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About My 100 Days of Color

View the collection at the September 7th Art Hop, 5:00-8:00 at Ninth Wave Studio in Kalamazoo, Michigan. 

My 100 Days of Color

For years I have painted in a monochromatic style, or with a limited palette. In the spirit of #the100dayproject, a challenge that encourages a creative project for 100 days, I focused my attention on color. I began the project with a set of metallic watercolors, ink, mica, 18k gold leaf, and glass. After exploring the watercolors for a couple weeks and struggling with their limitations, I decided to design my own watercolors using non-traditional pigments.

Why Insects, (along with arachnids, and other critters)?

Insects are beautiful creatures. They sparkle, they shine, they glow. There are 10 quintillion of them on the planet (that’s 18 zeros). And they are essential to our ecosystem. We need them to live. For all of these reasons and more, they are a worthy, and inspirational subject. For years I have attempted to capture their beauty in ink and have struggled, because it cannot compare to their reality. I decided that the work had to be more than a traditional painting to achieve a closer representation of their beauty. By hand making my inks, I was able to create textures, variations, and sparkle inspired by the actual characteristics of certain insects (with a bit of magic thrown in!). I use several different textures in each ink. I use glass and mica where their would be fuzz and shine on the insect.

What are the shapes?

To me, they represent the sun and moon, other interests of mine. They also represent movement, usually movement upward and forward.

What are the inks made of?

Everything under the sun (almost). I started grinding my own pigments when I was 15 years old. I don’t know why I was compelled to do it. I have always had a fascination with process and I wanted to know how everything was made. But, those pigments sat in jars for 15 years, unused. When I realized I should be making my own inks, I revisited the idea. I use a lot of glitters, because they not only replicate the metallic characteristics of some insects, it also implies innocence and the wonder we experience as children. This is a theme I would like to further explore. Now,  I am even grinding up my grandmothers old costume jewelry to create new inks. To me, this offers a feeling of intimacy between artist and collector.  I am exploring solar changing pigments and glow in the dark pigments, as well. I grind up stones and crystals, mica, recycled plastic, I will try anything.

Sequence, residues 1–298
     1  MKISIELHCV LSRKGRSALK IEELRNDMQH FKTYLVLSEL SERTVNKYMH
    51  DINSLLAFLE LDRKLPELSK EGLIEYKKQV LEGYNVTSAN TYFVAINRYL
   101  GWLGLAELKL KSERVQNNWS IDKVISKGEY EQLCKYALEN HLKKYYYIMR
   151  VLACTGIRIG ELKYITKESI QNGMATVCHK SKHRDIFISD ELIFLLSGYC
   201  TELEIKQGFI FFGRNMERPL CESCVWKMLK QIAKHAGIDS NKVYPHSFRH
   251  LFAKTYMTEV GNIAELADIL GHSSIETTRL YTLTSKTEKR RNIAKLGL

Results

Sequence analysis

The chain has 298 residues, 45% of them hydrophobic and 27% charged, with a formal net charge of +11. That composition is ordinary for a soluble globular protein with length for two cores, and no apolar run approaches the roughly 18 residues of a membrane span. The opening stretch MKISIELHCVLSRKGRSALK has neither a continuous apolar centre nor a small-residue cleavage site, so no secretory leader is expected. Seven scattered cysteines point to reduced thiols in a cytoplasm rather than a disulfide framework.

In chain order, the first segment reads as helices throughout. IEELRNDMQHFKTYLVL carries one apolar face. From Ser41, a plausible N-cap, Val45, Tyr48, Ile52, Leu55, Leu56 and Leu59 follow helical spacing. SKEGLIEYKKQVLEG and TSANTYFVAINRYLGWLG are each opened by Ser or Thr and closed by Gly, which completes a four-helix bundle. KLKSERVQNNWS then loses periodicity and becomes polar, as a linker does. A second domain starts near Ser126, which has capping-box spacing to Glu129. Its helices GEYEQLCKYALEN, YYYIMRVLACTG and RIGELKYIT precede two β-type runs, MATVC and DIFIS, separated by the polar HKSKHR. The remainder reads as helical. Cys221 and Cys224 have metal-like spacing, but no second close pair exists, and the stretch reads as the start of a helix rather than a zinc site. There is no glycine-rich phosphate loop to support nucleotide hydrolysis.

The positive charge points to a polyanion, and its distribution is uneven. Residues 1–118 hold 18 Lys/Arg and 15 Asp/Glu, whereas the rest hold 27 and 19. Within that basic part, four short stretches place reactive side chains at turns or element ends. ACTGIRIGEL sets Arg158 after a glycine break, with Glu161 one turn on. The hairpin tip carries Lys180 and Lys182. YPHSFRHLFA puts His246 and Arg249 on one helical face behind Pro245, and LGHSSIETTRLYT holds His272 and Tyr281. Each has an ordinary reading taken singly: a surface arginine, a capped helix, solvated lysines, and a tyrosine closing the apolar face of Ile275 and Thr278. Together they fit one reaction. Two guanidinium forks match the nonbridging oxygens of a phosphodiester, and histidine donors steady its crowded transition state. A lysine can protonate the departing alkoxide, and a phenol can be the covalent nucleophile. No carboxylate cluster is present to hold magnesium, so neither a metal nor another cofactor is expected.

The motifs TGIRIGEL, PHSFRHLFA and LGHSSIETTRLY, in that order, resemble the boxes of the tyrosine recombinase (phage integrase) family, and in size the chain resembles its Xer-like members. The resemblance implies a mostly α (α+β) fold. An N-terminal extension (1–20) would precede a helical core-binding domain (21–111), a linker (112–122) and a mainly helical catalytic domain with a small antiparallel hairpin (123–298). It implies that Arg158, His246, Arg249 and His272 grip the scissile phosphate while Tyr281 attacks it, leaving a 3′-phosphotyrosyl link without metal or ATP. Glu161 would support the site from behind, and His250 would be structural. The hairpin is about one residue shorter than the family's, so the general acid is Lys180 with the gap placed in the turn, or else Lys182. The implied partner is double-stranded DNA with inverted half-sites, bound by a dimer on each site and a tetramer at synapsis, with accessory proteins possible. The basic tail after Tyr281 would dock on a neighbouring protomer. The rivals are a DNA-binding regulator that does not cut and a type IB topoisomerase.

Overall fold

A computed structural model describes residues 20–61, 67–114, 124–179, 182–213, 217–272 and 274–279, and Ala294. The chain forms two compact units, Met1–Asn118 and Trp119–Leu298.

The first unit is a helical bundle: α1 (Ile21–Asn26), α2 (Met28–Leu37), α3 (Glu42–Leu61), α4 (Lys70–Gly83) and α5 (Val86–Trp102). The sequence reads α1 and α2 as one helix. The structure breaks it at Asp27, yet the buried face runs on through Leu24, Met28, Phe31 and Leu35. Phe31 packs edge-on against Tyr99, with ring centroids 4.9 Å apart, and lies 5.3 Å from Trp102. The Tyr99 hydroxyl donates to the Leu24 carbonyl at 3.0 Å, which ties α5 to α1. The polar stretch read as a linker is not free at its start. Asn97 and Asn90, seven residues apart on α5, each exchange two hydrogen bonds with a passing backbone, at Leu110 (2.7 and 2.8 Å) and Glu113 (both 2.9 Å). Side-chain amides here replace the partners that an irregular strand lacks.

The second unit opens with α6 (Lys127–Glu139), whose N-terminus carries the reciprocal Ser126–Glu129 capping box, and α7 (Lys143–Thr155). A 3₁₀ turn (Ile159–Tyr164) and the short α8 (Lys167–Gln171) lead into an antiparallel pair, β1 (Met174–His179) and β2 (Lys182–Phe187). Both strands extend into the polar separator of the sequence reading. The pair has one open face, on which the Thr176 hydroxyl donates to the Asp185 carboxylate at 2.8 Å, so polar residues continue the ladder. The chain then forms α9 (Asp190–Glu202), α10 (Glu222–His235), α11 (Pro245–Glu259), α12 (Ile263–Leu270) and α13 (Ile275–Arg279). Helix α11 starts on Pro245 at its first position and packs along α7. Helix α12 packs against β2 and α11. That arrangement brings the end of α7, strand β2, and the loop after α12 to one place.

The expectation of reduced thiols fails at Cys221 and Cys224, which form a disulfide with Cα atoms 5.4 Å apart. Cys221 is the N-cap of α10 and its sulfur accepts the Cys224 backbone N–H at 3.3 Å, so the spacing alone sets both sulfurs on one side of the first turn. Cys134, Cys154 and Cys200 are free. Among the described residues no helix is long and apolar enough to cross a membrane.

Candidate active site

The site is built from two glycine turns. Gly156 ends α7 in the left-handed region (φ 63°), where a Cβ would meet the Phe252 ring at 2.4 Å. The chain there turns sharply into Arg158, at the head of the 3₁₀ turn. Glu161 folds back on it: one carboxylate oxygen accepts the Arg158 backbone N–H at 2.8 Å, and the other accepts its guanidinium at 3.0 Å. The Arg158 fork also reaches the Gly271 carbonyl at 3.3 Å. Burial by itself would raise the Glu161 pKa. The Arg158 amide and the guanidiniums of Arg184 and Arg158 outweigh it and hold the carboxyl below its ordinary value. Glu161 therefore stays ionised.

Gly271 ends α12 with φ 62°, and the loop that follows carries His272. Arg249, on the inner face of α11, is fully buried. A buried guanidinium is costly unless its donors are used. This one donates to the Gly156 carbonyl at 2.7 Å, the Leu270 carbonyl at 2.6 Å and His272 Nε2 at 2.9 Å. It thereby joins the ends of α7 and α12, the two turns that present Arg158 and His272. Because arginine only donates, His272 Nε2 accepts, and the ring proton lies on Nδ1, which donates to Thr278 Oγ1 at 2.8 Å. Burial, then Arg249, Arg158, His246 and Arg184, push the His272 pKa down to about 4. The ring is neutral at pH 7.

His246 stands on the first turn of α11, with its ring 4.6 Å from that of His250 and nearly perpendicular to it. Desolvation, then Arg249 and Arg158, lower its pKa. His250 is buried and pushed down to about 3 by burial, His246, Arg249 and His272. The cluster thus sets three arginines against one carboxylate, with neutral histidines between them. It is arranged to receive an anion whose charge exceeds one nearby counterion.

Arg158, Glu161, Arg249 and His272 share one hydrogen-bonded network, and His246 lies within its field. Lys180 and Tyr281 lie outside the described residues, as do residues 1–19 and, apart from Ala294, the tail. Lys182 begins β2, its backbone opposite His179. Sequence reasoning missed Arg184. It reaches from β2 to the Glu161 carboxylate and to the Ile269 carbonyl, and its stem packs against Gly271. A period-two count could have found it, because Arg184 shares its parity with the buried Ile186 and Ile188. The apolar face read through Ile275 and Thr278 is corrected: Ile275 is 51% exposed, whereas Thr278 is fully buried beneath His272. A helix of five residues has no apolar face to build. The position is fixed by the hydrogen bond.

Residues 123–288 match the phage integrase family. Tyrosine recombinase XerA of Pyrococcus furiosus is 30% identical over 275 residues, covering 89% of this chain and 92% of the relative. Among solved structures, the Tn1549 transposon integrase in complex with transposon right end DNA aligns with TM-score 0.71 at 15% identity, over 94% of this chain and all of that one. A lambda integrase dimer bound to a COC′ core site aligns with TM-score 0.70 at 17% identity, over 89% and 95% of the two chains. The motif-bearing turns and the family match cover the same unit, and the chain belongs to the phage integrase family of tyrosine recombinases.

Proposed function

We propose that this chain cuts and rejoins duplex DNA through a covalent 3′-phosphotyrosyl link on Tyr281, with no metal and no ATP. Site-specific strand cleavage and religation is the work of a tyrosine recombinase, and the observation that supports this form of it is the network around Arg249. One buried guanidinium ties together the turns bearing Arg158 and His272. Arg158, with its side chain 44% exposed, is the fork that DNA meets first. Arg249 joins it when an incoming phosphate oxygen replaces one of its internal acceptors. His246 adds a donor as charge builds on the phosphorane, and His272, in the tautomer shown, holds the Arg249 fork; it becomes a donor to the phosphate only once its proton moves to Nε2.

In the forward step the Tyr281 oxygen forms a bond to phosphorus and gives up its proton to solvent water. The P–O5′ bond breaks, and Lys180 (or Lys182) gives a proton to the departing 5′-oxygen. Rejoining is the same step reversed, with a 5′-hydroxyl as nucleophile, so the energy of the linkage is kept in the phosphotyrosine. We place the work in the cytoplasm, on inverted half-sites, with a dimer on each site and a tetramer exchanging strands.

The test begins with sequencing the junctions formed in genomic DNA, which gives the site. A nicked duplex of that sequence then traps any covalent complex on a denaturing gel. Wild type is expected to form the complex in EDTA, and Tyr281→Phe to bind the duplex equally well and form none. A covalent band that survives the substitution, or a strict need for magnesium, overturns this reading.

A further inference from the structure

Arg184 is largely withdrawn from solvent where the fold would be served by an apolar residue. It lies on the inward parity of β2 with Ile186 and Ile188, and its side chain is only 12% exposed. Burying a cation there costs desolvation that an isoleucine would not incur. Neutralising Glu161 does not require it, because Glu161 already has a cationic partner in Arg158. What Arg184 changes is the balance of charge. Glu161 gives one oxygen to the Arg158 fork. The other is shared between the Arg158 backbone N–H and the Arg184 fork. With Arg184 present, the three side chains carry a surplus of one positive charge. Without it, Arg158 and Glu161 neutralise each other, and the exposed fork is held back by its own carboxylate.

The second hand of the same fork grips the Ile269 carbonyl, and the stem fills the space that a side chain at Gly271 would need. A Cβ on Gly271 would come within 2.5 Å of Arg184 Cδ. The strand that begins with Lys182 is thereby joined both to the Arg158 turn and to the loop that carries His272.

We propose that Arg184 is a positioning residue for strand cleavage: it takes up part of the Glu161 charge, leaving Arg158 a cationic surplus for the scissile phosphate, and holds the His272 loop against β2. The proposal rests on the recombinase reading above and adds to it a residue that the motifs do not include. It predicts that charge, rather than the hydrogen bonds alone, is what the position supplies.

My Experience with #the100dayproject

I have to admit that the project transformed into a project more about texture, than color. But that was the exciting thing about #the100dayproject. Seeing an unplanned, happy accident turn into something that works. I suggest everyone, professional, and novice attempt a 100 day to experience the clear progression of skill, technique, and idea you can achieve by practicing something every day. Not to mention, the comforting (although sometimes unnerving) experience of ritual.

New Work in the Gallery! Check it out.
Throw Back Thursday

I have been feeling under the weather, so, regretfully, I have not been in the studio in a while. I hope to be in the studio soon. I have a lot of new work in my head, I just need to get my hands dirty. I thought I would share some oldies with you in the mean time. Tell me what you think. 

Originally posted in 2017. 

Impossible

Originally posted in January 2017.

I am sharing this piece because I painted the moth 2 years ago. It sat on my (self proclaimed) "wall of failures", incomplete this whole time until I decided to add the Penrose triangle. I have been captivated by impossible shapes ever since I studied Gerhard Richter's Impossible Object series at the Art Institute of Chicago almost 10 years ago. I am happy to be exploring this subject in my own work. 

PenroseMoth_side4.jpg